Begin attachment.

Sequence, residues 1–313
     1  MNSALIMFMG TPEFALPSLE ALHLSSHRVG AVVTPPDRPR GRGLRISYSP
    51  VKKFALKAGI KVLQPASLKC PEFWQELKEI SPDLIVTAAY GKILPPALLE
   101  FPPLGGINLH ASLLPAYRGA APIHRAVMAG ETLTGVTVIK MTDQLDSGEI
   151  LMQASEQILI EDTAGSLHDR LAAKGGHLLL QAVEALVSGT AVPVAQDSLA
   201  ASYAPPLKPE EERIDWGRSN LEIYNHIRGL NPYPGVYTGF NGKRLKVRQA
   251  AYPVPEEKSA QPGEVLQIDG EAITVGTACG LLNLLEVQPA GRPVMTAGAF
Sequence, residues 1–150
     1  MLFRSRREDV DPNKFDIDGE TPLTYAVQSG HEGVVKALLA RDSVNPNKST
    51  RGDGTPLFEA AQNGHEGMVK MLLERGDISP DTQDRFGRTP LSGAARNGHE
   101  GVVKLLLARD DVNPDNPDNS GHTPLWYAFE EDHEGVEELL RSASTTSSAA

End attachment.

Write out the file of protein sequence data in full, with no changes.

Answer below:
Sequence, residues 1–313
     1  MNSALIMFMG TPEFALPSLE ALHLSSHRVG AVVTPPDRPR GRGLRISYSP
    51  VKKFALKAGI KVLQPASLKC PEFWQELKEI SPDLIVTAAY GKILPPALLE
   101  FPPLGGINLH ASLLPAYRGA APIHRAVMAG ETLTGVTVIK MTDQLDSGEI
   151  LMQASEQILI EDTAGSLHDR LAAKGGHLLL QAVEALVSGT AVPVAQDSLA
   201  ASYAPPLKPE EERIDWGRSN LEIYNHIRGL NPYPGVYTGF NGKRLKVRQA
   251  AYPVPEEKSA QPGEVLQIDG EAITVGTACG LLNLLEVQPA GRPVMTAGAF
Sequence, residues 1–150
     1  MLFRSRREDV DPNKFDIDGE TPLTYAVQSG HEGVVKALLA RDSVNPNKST
    51  RGDGTPLFEA AQNGHEGMVK MLLERGDISP DTQDRFGRTP LSGAARNGHE
   101  GVVKLLLARD DVNPDNPDNS GHTPLWYAFE EDHEGVEELL RSASTTSSAA